Hibiscus is the name given to more than 250 species of herbs, shrubs, and trees of the mallow or Malvaceae family. The most commonly used species of hibiscus for medicinal purposes are Hibiscus sabdariffa, commonly known as the roselle; Hibiscus rosa-sinensis, also called China rose and common hibiscus; and Hibiscus syriacus, known as the Rose of Sharon. These three shrubs are native to tropical climates, but are now grown around the world. Hibiscus is renowned for its beauty as well as its medicinal uses, and gardeners cultivate the plant for its showy flowers.
Hibiscus is used for a variety of ailments partly because there are so many species. Roselle lowers fevers and high blood pressure, increases urination, relieves coughs, and has been found to have antibacterial properties. All parts of the plant are used, from the seeds to the roots. Common hibiscus is used mainly for respiratory problems, but is also widely used for skin disorders or to treat fevers. Rose of Sharon is used externally as an emollient, but is also taken internally for gastrointestinal disorders.
As a natural febrifuge, roselle contains citric acid, which is a natural coolant. In Pakistan and Nepal, it is the flowers that are used as a treatment for fever. Common hibiscus has been found to be particularly useful for children's fevers.
Common hibiscus is used to treat coughs by placing extracts from the plant in the patient's bath or in water used for steam inhalations. Hibiscus is often combined with other herbs to make a cough syrup. Hibiscus is used widely in Cuba, where the tropical climate contributes to respiratory illnesses, and where hibiscus is readily found.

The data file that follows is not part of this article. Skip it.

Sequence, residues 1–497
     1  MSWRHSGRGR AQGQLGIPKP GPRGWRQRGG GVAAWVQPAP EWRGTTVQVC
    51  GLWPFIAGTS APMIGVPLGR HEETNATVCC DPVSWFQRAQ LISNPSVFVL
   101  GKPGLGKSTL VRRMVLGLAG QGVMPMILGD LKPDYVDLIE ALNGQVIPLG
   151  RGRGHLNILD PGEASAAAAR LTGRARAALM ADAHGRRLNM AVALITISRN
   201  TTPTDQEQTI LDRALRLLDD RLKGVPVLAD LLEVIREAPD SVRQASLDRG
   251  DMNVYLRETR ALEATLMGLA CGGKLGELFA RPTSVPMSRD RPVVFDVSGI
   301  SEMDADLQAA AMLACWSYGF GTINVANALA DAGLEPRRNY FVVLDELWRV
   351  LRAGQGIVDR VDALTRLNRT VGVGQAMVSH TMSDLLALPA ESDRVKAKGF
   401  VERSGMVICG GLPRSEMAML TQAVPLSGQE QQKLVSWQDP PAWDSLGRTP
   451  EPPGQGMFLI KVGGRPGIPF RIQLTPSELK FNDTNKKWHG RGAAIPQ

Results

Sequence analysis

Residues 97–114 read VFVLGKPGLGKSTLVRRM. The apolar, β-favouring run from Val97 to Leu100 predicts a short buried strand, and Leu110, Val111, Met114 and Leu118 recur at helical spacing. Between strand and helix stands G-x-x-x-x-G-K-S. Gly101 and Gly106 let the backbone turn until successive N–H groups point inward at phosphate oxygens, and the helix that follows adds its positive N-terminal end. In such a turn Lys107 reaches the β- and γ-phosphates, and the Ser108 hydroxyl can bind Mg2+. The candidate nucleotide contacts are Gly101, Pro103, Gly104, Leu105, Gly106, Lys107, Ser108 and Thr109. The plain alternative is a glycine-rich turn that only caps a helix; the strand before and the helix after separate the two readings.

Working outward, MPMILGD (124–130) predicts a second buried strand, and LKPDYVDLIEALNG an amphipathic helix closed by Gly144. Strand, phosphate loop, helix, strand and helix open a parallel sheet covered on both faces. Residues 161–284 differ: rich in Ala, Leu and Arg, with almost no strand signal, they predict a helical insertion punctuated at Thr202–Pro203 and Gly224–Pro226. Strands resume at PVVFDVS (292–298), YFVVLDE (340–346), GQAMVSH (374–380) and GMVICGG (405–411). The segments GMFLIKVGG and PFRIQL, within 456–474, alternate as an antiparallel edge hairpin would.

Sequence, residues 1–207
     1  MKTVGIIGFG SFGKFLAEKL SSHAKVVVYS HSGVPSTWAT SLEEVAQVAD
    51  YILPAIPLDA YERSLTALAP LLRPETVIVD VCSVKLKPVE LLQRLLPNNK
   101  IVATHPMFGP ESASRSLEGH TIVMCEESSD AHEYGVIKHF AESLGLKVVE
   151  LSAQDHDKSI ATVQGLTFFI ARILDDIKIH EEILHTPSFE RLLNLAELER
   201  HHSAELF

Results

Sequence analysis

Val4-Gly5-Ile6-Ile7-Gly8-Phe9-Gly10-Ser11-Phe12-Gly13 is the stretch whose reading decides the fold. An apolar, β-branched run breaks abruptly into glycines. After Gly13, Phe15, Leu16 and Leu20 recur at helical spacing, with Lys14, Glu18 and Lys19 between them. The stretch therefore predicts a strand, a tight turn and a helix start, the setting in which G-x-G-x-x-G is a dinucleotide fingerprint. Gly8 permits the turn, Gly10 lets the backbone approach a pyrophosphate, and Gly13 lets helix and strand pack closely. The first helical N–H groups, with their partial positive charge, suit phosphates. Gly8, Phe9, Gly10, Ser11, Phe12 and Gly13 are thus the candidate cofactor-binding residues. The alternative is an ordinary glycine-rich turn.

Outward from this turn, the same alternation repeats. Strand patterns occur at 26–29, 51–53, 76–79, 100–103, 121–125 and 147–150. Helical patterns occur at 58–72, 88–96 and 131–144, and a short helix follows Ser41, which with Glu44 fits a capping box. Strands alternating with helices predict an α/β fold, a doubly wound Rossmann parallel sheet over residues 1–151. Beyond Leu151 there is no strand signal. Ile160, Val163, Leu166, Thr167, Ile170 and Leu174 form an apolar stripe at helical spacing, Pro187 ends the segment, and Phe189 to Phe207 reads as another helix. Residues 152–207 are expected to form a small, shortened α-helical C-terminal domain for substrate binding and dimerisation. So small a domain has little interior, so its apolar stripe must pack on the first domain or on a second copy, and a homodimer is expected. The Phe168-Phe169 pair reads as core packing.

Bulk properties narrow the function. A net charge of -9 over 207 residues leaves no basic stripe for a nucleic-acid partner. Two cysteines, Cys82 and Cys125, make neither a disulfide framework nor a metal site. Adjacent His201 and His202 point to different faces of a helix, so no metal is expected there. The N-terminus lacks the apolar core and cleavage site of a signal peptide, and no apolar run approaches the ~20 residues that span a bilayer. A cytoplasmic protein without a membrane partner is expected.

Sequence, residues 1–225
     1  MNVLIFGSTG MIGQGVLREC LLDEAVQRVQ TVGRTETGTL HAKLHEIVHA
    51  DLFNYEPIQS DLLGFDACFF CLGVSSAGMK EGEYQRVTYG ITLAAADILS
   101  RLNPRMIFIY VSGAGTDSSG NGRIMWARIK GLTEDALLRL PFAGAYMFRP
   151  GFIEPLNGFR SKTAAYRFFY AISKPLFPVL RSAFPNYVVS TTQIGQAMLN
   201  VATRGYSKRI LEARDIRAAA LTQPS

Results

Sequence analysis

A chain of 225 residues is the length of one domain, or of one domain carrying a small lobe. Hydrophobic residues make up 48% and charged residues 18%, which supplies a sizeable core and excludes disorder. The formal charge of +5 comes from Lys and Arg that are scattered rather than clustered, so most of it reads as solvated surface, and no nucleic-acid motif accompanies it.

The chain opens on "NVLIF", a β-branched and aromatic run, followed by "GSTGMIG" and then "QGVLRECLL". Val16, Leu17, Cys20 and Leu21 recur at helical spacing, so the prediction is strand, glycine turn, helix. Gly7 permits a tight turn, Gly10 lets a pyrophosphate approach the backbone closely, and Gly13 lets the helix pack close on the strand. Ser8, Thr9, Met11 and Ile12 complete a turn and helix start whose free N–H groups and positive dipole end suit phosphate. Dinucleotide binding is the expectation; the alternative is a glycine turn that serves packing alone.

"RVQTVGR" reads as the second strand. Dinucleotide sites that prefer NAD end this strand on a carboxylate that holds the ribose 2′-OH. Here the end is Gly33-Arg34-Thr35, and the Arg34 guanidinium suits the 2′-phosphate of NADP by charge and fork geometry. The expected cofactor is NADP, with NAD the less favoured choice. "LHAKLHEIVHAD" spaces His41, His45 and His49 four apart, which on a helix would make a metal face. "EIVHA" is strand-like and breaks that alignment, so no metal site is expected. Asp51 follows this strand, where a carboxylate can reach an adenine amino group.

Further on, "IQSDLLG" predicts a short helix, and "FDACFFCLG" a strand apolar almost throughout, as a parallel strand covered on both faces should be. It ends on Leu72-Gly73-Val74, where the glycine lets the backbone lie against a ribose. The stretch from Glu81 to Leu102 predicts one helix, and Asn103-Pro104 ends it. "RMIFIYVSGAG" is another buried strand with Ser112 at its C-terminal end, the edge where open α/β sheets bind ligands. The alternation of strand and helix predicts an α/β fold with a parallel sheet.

Roselle and rose of Sharon contain hypotensive compounds that lower the blood pressure. Roselle's ability to lower blood pressure may be due to its diuretic and laxative effects. The plant contains ascorbic and glycolic acids, which increase urination.
Hibiscus is a natural emollient, used for softening or healing the skin. The leaves and flowers of the roselle are used all around the world for their emollient qualities. When the leaves are heated, they can be placed on cracked feet or on boils and ulcers to promote healing. Since the herb is a cooling herb, when applied externally it cools the surface of the skin by increasing blood flow to the epidermis and dilating the pores of the skin. A lotion made from a decoction of hibiscus leaves can be used to soothe hemorrhoids, sunburn, open sores, and wounds.
Hibiscus has been credited with a wide range of healing properties. In Colombia, the plant is used to treat hair loss and scurvy; in Samoa, it is commonly given to women who are suffering from menstrual cramps or who are in childbirth, as the leaves ease labor pains. In the Cook Islands and the Philippines, the flowers are used to induce abortions. In a 1962 study, hibiscus was confirmed to be hypotensive, as well as antispasmodic, anthelminthic, and antibacterial. In subsequent studies, the plant was found to effectively work against such diseases as ascariasis and tuberculosis. Studies in France, Malaysia, and Egypt have found that the plant has anticarcinogenic effects.
A decoction of hibuscus can be made by pouring 1 cup of boiling water over 2 tsp of dried blossoms or 1 tsp of crumbled blossom. Steep for 10 minutes. In addition, many commercial herbal teas contain hibiscus.
Since there are over 250 species of hibiscus, it is essential to identify the species of the herb before taking it. Since some species of hibiscus are used as abortifacients, the plant should not be used by women who are pregnant or nursing.
Some drinks made from roselle can have alcoholic effects. The plant can also be mildly hallucinogenic.
There are no known interactions between hibiscus and standard pharmaceutical preparations. Because it is a tart plant, however, it may not mix harmoniously with other tannic herbs. Mint leaves or rose hips are good to blend with hibiscus.
Chevallier, Andrew. Encyclopedia of Medicinal Plants. London: Dorling Kindersley Publishers, 1996.
Keys, John D. Chinese Herbs. New York: Charles E. Tuttle Co., 1976.
Katherine Y. Kim